Among the many canine fears, the vacuum cleaner seems like the most peculiar one. However, there’s a pretty good and valid reason behind said fear.
Namely, the noise is the biggest source of that phobia. Dogs hear a lot better than humans do and the sound that the vacuum produces is then much louder to them than to us.
One can only imagine how painful that is to them when it already sounds noisy to us.
Apart from that, it’s the added suction that the contraption does which spooks them too, and the mix of the two produces said fear, having them bark at it while backing away from it.
However, this can pose a problem when you’re trying to clean your house with an inside dog.
You don’t want to frighten your dog for no reason, but you do need to clean the house every now and then, so what can be done about it?
Quite a few things, actually, each of them quite simple, but the sooner you start it, the easier it’ll be for your dog to adjust.
1. Get Him Out Of The Room When You’re Vacuuming
The simplest thing that you can do is to vacuum one room at a time and make sure that the dog isn’t present in said room.
Not seeing the vacuum at work and having the noise muffled behind a closed door will make it a lot less likely for him to get scared.
This is especially true if you bring some of his favorite toys over to distract him from the alien noise he’ll be hearing from the other room.
2. Desensitize Him To The Sounds Of The Vacuum At An Early Age
While the early age isn’t mandatory and can be done at any life stage, it certainly does make the process easier and quicker.
This is a multi-step process still and should be done slowly.
Skipping ahead too quickly will only make you start all over again if your dog suddenly seems uncomfortable around the vacuum again.
Use The Vacuum At Its Lowest Setting Around Your Pooch
The first step is to start him off with the mildest of settings that your vacuum will allow and not moving the contraption around too much.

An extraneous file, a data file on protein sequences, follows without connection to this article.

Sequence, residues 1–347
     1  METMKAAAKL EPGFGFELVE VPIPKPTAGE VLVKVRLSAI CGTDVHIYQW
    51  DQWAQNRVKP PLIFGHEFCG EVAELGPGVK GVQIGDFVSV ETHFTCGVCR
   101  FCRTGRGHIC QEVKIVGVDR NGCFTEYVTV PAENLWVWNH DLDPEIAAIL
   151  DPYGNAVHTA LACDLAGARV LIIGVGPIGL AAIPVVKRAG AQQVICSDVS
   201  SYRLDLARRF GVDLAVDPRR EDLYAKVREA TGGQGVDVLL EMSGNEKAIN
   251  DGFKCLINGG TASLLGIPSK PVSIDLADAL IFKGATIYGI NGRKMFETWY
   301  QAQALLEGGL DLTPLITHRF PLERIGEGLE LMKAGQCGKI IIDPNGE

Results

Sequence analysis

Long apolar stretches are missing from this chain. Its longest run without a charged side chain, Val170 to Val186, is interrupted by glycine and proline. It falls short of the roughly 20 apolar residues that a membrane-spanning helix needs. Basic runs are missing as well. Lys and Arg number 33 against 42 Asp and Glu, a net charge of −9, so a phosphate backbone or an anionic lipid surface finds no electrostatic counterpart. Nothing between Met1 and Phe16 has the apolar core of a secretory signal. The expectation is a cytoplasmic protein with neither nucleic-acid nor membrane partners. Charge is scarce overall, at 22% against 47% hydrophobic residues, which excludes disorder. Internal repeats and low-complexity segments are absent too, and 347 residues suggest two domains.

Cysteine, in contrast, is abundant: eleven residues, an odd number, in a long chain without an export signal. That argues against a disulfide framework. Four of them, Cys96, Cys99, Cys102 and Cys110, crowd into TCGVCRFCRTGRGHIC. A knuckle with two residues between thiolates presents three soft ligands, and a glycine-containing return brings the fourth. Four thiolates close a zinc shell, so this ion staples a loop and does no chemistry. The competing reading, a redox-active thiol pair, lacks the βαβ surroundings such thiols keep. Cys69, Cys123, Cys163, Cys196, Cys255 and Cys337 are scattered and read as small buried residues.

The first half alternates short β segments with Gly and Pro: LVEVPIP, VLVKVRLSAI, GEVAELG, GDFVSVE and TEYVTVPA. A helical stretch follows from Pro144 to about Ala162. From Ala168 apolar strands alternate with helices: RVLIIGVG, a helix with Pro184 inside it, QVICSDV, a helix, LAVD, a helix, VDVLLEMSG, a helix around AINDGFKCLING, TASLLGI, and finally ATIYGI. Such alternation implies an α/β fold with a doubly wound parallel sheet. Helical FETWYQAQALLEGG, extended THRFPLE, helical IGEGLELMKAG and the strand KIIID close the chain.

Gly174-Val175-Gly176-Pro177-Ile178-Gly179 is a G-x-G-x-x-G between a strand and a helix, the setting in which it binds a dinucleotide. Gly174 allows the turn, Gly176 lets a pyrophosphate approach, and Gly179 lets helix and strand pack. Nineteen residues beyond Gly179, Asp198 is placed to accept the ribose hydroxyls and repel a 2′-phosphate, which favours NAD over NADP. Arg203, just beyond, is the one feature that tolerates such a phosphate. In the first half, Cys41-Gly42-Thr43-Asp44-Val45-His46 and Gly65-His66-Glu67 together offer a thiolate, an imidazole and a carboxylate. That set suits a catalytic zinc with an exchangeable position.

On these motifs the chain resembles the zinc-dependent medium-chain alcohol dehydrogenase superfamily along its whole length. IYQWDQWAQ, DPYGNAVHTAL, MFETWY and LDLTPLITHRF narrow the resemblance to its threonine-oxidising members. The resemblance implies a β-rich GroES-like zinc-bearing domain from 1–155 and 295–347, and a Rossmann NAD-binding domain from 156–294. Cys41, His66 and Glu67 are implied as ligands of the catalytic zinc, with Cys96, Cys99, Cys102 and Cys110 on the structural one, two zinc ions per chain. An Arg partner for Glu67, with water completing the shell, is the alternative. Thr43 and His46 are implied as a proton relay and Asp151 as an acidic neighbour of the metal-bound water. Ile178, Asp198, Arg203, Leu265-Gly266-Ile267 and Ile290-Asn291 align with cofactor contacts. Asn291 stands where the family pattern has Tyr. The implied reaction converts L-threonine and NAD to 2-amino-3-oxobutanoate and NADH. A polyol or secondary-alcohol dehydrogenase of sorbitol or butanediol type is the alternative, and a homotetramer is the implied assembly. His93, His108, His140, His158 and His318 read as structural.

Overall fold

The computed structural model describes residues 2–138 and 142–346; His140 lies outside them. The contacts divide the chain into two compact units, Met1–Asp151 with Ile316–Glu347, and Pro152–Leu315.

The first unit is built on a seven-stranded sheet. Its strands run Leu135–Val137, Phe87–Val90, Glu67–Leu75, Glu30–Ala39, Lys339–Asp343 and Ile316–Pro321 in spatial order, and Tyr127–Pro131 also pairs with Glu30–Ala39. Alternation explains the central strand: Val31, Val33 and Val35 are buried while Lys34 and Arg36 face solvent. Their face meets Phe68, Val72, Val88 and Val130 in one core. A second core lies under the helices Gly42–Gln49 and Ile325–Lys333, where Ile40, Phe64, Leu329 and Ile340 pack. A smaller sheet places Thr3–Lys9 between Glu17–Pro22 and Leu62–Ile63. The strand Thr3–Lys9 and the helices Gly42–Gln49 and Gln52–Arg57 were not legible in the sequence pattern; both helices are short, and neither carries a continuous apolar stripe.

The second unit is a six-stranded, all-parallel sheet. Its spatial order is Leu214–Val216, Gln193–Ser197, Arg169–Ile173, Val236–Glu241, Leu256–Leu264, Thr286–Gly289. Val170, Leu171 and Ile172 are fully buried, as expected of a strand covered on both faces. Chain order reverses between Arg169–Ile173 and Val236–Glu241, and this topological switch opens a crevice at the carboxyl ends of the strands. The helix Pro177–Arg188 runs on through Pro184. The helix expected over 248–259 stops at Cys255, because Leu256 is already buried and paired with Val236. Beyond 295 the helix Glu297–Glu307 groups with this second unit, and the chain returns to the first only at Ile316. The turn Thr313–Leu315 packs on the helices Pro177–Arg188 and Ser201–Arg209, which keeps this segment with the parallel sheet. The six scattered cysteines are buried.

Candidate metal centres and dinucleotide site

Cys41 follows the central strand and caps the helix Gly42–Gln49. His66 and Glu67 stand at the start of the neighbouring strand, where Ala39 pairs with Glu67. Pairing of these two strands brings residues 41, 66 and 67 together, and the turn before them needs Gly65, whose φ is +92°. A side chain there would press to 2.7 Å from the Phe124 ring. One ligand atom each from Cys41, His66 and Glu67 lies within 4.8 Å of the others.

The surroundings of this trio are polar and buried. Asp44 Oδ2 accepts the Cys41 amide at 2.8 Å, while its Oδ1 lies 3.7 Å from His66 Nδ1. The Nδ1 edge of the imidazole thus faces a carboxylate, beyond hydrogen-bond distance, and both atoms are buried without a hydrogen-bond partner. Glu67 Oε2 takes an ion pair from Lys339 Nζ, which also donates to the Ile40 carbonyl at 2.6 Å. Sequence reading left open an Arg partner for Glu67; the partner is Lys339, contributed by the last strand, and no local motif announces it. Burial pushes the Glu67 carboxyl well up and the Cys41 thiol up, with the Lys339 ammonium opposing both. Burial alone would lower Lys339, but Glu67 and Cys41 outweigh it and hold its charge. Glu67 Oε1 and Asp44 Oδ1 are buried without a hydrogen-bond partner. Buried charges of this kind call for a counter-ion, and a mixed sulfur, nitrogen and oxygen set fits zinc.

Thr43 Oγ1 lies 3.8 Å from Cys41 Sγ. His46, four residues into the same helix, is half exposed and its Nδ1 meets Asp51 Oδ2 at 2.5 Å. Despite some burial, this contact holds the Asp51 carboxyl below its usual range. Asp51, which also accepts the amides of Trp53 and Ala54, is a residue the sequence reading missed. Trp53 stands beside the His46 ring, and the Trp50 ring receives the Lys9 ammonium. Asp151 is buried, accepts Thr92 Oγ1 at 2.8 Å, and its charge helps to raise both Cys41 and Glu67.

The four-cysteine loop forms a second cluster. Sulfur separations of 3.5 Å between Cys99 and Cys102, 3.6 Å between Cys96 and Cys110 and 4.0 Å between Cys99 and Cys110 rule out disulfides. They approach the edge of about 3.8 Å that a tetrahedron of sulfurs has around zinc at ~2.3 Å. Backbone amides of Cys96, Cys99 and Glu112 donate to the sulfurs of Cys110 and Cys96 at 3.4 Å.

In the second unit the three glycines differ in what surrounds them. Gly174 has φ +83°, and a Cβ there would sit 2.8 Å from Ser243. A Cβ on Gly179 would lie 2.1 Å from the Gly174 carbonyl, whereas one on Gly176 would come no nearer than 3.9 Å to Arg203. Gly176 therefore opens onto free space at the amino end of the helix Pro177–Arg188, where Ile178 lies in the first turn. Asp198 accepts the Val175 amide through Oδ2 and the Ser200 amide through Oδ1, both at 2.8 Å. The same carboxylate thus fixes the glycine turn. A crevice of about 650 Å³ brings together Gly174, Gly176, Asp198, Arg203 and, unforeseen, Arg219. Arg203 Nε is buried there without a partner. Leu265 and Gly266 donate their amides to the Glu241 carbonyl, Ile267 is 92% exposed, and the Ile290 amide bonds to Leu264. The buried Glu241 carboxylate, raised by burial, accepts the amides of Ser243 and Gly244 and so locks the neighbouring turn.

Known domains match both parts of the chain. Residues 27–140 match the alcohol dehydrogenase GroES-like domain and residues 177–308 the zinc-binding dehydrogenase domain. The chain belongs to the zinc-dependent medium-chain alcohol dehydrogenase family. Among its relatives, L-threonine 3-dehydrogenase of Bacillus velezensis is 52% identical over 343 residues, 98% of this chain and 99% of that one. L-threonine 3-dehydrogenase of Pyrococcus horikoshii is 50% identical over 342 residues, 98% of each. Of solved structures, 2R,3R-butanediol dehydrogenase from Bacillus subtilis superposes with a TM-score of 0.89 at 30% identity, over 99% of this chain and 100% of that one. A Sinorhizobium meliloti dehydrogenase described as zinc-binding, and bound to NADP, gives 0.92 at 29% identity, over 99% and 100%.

This will help your dog get familiar with the noise it makes at a more acceptable volume that won’t scare the fur off him.
It’s also good to use it as far away from the dog as possible to make said noise as quiet as it could be.
Gradually, you’ll be moving it closer to him, but only to the distance where he seems comfortable with it.
Give Him Treats If He’s Progressing
If it seems like he’s receptive to the training, make sure to provide him with some treats, ones that he likes the most.
After all, this is a relatively big fear you’re trying to make him get over, so it only stands to reason that the best treats will have the best effect.
Gradually Increase The Power Of The Vacuum In Defined Increments
As you repeat the process, you’ll see your dog get more comfortable with the vacuum at the presented volume and working capacity.
Once he seems indifferent to the sound of it, gradually increase the power, then get him used to that level, repeating until he’s fine with it functioning at full capacity.
When that step is finished, your dog should be completely fine with you vacuuming around him, so long as you don’t make any unnecessarily sudden movements with it, which is a given.
Repeat This Process With Every New Vacuum
In case the old one breaks down and you need to get a new one that’s a different model, you may see your dog be anxious and frightened around it again.
This is all part of the standard process as the new model likely has a different shape and sound to it.
Some may even have an entirely different scent to them which can be equally off-putting for your furry friend.
If your dog ends up being frightened of your new vacuum, then you’ll have to do the process all over again.
While it’s not tedious, it is mandatory if you want to use it in his presence.
What Are Some Of The Most Common Signs That My Dog Is Afraid Of The Vacuum Cleaner?
While fear is usually a pretty expressive emotion, there are a number of hints that allude to a fearful expression, some more obvious, some less so.
Here are some of the more common ones in dogs:
- Stiff expression, both in body and face
- Ears raised up on alert
- Tail between his legs
- Lowering himself down as if ready to pounce
- Licking his lips
- Raising his paw toward the source of the fear
- A focused expression with a furrowed brow
- Alternatively, he’s averting his gaze from the source of the fear
- Mouth is shut tight
- He’s barking directly at the vacuum in a tone that would suggest a whine
- He’s actively trying to move away from it
- He ends up going #1 or #2 due to prolonged exposure to the source of the fear
- He simply freezes in place
- He starts pacing about anxiously or doing other similar activities.
Should you spot these signs in any combination while the vacuum is turned on, know that the cause of it is more than likely it and that you should stop it before more problems occur.
Dogs, while mostly brave, are still afraid of certain things. One such constant is the vacuum cleaner.
Sure, some dogs are less averse to it than others, but the fact of the matter is that it’s a persistent fear across all dog breeds.
It may initially pose a challenge to you, but it’s relatively easy to overcome, just make sure to slowly work with your doggo to overcome it.
The sooner you start, the easier it’ll be for him to understand and overcome the problem at hand, though this can be done at any age.
I hope that these tips help you and your pooch get over this particular issue.
Until next time, pet parents.